Backers of a proposal to reintroduce gray wolves to western Colorado turned in 211,000 signatures for a measure that would put the measure on the ballot.
The Rocky Mountain Wolf Action Fund said in a Tuesday news conference that the measure has 'widespread bipartisan support," claiming two-thirds of the state supports wolf reintroduction. "This marries wildlife, conservation and direct democracy," said Rob Edwards, the head of the group.
Its the first ballot measure seeking the reintroduction of an endangered species, he said.
The initiative directs Colorado Parks and Wildlife "to develop, after public input, a science-based plan for reintroducing wolves to Western Colorado by 2023."
Gray wolves, an endangered species, haven't found a home in Colorado since the 1940s, according to Joanna Lambert, a professor of environmental studies at the University of Colorado-Boulder. Should voters approve the measure, Colorado would be the last state to restore the species to its public lands, she said. This would bring back a "true American species," Lambert said, and in a way that is "respectful to the needs and concerns of all Coloradans."
There have been several sightings of gray wolves in the past year along the state's northern border, including a verified sighting in Jackson County. The U.S. Fish & Wildlife Service says wolves can travel hundreds of miles; the nearest site is Yellowstone National Park, where they were reintroduced in 1995.
And while it's illegal to shoot an endangered species, the gray wolf is coming off the endangered species list, according to an announcement last spring from the U.S. Fish and Wildlife Service.
The number of wolves that would be reintroduced would be determined by state Parks and Wildlife. Lambert said Yellowstone, with its 2.2 million acres, has about 100 wolves. Colorado's public lands encompass 17 million acres on the Western Slope, Lambert said.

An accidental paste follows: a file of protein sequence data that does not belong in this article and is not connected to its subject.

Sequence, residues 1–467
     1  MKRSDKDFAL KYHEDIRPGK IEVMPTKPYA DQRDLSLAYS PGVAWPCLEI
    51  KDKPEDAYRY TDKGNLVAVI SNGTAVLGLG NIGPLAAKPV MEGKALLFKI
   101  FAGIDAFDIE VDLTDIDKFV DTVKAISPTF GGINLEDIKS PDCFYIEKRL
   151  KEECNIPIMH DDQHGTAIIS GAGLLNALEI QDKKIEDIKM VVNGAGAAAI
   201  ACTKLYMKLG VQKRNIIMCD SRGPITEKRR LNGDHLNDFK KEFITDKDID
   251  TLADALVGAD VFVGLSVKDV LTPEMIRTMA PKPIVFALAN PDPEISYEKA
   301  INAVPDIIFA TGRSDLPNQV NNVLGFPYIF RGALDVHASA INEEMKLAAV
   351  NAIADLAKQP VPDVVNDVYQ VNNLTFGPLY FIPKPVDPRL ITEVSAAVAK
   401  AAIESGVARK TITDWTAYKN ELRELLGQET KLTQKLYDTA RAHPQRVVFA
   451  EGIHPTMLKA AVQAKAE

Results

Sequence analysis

The measure, Initiative 107, claims gray wolves would help restore balance in nature, but restoration "must be designed to resolve conflicts with persons engaged in ranching and farming.
That's where some of the measure's biggest opposition has come from: statewide agricultural groups such as the Colorado Cattlemen's Association, Colorado Farm Bureau and the Colorado Wool Growers Association. Several county chapters of Colorado Farm Bureau are part of a statewide group, Stop the Wolf Coalition, which includes among its members other livestock groups, outfitters and hunting associations. The coalition points out that wolves are "disease vectors" that spread rabies and other diseases, and will aggravate the state's problems with chronic wasting disease, which affects elk, deer and moose.
Not so, say supporters. They believe wolves will thin the population of those sick animals, since wolves target the weak and vulnerable. Eric Washburn, a hunter who lives in Steamboat Springs, said he got interested in wolves about three years ago. He encountered a black wolf on a hunting trip outside of Colorado, and began to wonder why people don't see wolves in Colorado. Over the last two decades, elk populations have grown in states where wolves have been reintroduced, such as Montana and Wyoming.
Western Slope counties aren't wild about the reintroduction idea. Eight West Slope county commissions have passed resolutions against the reintroduction of wolves; an additional six from central and Eastern Colorado counties have also done so. Denny Behrens of Stop the Wolf said five other counties are likely to pass resolutions against the measure before month's end.
The measure also includes language around compensation for ranchers who lose livestock to the wolves, though hunting fees provide for an already-existing "game damage fund." Rob Edward of the Rocky Mountain Wolf Action Fund estimated that the number of livestock lost would be about 1/100 of one percent. Given Colorado's 2.6 million head of cattle and 445,000 sheep and lambs, that could be about 305 animals per year, mostly cattle.
Edwards said they will work to overcome the opposition from the counties through "thoughtful discussions," noting that his group's polling shows that 65% of West Slope residents support the wolf restoration. "Commissioners are going against public sentiment," he said.
Rocky Mountain Wolf Action Fund has collected nearly $900,000 — much of it in so-called "dark money" — to put the measure on the ballot. That includes $161,000 from Rocky Mountain Wolf Action Fund, which does not disclose its donors, and $263,000 from the Tides Center, which also doesn't disclose its donors. Defenders of Wildlife has kicked in $100,000.
Two committees have been formed to oppose the measure, including Coloradans Protecting Wildlife, which is backed by Colorado Farm Bureau. No contributions have yet been reported for either group.